Jacob Hayward – so long with pain opprest

Spare a thought for poor Jacob Hayward, whose demise appears to have been a welcome release from a long illness.

This magnificent table top memorial is one of several listed monuments in the churchyard at St Mary’s and is evidence that Jacob was a wealthy man. His will reveals that he farmed at Chaddington and Bassett Down and that he owned the freehold of Cotmarsh Farm in Broad Hinton. This very matter of fact document bequeaths his property and his money to wife Jane and daughter Mary and was signed just 12 days before Jacob’s death. There is no mention of any personal effects and just one reference to a person other than Jane and Mary.


To the Memory of

Jacob Hayward

who departed this Life

the 19th Sept. 1801

in the 57th year of his Age

I was so long with Pain opprest,

That work my Strength away,

It made me long for Endless Rest

Which never can decay


to the Memory of

Jane wife of

Jacob Hayward

who departed this Life

the 29th of Nove. 1828

Aged 71 years


Come and hear more stories of other local families with local historian Frances Bevan who will be conducting guided churchyard walks on Sunday June 3, at 2.15 and 3.15. Meet outside the Stable Room.






Churchyard walks and Strawberry teas

Visitors to St Mary’s church often mistakenly think that it was a private chapel for the St John family, but St Mary’s has always been and continues to be, a parish church.

The foundation of a church at Lydiard Tregoze dates from the Saxon period when a single cell, a room, was used for worship. In 1100 the then owner, Harold of Ewyas, gave the church to St Peter’s Abbey, Gloucester. The North side and the Nave date from the 13th century while the South Aisle was built in the 14th century and the West Gower was added in the 15th century.

The rebuilding work at the East End of the church and the magnificent St John memorials were commissioned by Sir John St John, 1st Baronet, in the 17th century.

For more information about St Mary’s Church Lydiard Tregoze and a Guide to the church & Its Monuments click here.

Surviving parish registers date from 1666 and although the population of the parish was small there are a lot of burials in a relatively small area, which might explain why the churchyard is higher than the church.

The churchyard closed for new burials in 1888 and in 1891 Viscount Bolingbroke gave a piece of land at Hook called ‘Ables’ for the laying out of a burial ground.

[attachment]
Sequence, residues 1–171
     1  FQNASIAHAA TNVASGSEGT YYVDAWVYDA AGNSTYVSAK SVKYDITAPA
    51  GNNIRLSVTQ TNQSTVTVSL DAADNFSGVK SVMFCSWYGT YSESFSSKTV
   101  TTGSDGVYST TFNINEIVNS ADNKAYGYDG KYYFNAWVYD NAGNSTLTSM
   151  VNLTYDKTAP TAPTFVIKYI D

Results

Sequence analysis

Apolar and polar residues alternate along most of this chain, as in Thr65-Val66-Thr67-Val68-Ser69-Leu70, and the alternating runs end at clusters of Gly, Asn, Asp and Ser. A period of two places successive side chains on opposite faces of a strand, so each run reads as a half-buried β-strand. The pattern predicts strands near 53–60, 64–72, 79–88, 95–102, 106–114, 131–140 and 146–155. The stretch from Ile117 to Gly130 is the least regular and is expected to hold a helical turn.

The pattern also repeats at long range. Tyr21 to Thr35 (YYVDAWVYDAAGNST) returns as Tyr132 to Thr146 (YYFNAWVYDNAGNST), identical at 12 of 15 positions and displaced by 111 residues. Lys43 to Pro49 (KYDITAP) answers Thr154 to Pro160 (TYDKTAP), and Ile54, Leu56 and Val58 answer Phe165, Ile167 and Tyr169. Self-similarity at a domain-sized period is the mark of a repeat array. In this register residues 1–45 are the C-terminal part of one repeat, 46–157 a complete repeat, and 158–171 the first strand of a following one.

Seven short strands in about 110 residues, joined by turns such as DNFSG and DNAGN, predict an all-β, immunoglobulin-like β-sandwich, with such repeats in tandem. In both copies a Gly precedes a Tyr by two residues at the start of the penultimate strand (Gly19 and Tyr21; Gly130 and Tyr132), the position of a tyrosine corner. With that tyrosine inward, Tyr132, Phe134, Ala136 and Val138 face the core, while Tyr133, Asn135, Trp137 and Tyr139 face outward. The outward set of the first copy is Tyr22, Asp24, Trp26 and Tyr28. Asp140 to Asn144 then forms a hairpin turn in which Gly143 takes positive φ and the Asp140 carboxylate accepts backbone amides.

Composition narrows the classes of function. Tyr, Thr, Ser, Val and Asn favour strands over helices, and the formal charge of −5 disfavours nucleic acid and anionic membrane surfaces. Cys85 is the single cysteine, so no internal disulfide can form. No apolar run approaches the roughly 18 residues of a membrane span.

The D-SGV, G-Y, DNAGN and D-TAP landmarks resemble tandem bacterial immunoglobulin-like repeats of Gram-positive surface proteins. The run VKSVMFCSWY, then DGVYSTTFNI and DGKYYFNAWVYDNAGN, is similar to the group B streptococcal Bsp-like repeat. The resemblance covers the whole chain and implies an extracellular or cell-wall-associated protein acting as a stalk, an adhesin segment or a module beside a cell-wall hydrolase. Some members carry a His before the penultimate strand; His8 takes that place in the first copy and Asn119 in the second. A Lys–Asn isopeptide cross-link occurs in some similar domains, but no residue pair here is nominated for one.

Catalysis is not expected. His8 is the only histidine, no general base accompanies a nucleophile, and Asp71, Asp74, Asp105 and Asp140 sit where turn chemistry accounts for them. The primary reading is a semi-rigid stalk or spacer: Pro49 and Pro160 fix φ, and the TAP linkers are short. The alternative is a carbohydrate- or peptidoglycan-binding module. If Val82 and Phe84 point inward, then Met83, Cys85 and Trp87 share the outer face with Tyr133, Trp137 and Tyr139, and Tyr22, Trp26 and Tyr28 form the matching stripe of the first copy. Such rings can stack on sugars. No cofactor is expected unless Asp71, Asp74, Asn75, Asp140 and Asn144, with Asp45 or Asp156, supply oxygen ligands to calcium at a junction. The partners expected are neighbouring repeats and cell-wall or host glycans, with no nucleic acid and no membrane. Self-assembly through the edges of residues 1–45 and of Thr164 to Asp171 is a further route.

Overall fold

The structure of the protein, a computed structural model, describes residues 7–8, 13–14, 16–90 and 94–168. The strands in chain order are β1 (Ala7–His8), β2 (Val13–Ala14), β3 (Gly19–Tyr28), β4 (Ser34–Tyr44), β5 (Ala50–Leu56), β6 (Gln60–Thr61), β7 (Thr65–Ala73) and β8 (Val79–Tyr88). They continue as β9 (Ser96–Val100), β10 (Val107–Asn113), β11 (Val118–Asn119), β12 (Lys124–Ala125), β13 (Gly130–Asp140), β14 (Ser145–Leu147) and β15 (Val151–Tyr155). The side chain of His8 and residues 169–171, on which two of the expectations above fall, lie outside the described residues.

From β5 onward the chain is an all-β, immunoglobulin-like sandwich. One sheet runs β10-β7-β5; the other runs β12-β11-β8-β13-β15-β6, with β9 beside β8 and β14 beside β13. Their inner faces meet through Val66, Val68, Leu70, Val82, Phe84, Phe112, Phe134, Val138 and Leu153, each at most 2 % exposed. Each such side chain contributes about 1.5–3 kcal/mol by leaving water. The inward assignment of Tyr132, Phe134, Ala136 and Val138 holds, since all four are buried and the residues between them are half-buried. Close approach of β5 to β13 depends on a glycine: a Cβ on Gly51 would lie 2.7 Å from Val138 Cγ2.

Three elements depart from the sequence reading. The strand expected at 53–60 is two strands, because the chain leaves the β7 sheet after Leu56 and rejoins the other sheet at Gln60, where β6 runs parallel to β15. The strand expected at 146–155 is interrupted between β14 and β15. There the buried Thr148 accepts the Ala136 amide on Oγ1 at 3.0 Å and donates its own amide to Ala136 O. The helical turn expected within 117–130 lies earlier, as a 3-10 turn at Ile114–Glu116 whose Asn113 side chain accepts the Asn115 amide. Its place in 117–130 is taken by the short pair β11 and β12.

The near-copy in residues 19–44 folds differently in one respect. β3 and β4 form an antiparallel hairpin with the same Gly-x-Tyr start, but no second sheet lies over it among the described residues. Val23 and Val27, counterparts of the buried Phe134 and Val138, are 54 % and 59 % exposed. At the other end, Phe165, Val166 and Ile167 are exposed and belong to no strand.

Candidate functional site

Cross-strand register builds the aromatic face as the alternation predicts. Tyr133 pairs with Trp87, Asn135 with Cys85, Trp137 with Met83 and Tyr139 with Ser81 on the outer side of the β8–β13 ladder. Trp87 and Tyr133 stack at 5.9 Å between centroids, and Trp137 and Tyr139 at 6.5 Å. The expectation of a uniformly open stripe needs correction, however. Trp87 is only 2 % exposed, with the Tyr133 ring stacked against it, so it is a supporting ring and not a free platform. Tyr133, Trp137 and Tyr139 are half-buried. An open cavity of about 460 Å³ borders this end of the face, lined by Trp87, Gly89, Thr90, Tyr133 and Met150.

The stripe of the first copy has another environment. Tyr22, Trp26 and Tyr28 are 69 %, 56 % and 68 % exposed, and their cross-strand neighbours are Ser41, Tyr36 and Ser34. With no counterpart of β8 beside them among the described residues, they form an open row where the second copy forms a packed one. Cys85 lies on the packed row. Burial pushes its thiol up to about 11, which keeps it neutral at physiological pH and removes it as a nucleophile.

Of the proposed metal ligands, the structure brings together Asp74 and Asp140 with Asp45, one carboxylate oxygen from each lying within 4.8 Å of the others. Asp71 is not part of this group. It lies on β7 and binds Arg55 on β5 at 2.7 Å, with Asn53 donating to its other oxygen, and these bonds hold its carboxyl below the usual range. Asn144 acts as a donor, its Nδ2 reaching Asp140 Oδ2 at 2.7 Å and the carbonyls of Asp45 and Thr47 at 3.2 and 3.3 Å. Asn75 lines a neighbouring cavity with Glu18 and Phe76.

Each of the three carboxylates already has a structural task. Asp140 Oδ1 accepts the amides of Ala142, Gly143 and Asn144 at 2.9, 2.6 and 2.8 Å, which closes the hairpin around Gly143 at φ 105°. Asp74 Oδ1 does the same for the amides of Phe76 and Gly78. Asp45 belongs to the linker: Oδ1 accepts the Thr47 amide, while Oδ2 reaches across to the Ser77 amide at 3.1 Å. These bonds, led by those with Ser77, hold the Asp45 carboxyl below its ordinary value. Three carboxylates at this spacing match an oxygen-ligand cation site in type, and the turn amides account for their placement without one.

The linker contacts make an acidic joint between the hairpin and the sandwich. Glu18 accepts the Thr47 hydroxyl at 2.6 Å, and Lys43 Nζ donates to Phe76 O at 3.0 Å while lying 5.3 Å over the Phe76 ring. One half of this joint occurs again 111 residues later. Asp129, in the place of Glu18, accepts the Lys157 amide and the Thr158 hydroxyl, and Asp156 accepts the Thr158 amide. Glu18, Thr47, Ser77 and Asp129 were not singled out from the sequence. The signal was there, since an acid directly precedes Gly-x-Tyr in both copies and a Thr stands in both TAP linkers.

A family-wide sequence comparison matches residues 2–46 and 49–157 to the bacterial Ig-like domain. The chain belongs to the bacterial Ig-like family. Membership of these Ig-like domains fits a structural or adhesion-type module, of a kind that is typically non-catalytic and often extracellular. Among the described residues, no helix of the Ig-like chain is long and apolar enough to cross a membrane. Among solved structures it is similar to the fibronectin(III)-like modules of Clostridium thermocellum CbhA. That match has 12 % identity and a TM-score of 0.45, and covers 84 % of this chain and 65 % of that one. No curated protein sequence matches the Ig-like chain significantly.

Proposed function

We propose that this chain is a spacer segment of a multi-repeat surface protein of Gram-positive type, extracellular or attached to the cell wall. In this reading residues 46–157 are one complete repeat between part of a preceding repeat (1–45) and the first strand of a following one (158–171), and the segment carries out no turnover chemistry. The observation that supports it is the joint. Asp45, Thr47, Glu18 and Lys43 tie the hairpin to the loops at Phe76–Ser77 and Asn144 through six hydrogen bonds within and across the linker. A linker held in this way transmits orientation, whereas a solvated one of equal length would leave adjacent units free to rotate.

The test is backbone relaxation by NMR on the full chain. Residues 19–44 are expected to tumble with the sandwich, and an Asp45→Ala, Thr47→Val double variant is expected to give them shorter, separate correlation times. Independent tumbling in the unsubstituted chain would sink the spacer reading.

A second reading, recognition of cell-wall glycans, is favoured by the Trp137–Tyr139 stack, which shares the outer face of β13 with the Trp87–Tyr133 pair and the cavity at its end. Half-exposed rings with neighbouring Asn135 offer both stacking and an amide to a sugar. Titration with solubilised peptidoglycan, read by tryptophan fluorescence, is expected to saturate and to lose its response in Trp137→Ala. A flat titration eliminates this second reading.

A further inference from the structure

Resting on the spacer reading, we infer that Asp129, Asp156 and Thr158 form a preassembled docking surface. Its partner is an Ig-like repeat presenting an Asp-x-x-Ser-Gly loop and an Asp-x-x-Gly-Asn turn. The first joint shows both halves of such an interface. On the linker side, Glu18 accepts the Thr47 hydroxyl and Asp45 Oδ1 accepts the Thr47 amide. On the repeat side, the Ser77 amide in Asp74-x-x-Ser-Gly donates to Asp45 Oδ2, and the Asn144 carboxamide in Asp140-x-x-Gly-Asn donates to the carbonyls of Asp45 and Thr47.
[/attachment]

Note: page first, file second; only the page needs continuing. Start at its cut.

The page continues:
This is the start of the fundraising month for St Mary’s where strawberry teas will be served from the Stable Room from 2 – 4 pm every Sunday in June. The St John polyptych will be on view to reveal the family portrait of the St John family, which was installed in the church on July 20, 1615 and the bell tower will be open with an opportunity for visitors to try their hand at bell ringing.

For early risers there is a rare opportunity to see the amazing spectacle of the East Window as the sun rises over Lydiard Park. Join Mat on June 3 from 4.45 to 7.00.

Most of the surviving headstones in the churchyard mark the graves of farming families. A memorial just inside the churchyard entrance records the burial of Jonas Clarke who died in 1862. Jonas came to Wick Farm in around 1839 with Alice and their seven children but the couple had to wait more than thirty years for the death of Jonas’ first wife before they could marry.

Come and hear more stories of other local families, including the Edmonds and the historic water colour of the medieval wall painting recently donated to the church by Joy Brake nee Edmonds.

Local historian Frances Bevan will be conducting guided churchyard walks on Sunday June 3, at 2.15 and 3.15. Meet outside the Stable Room.



When Harry married Meghan

Yesterday’s royal wedding had everything as pomp and circumstance went hand in hand with the personal choices of a couple so obviously very much in love. Harry and Meghan put their own stamp on this royal occasion with their choice of music, readings and clergy. The words of charismatic American Bishop, Michael Curry will long be remembered along with the reaction of the wedding guests in St George’s Chapel.

Meghan entered St George’s Chapel through the West Door and without displaying a whisper of nerves, processed down the nave accompanied by a flotilla of little bridesmaids and pageboys while her mother, Doria Ragland, took her place quietly and with equal composure in the Quire. And another woman who deserves a mention is Zara Tindall, the Queen’s granddaughter, who, heavily pregnant, tried to get comfortable in the medieval Quire seats.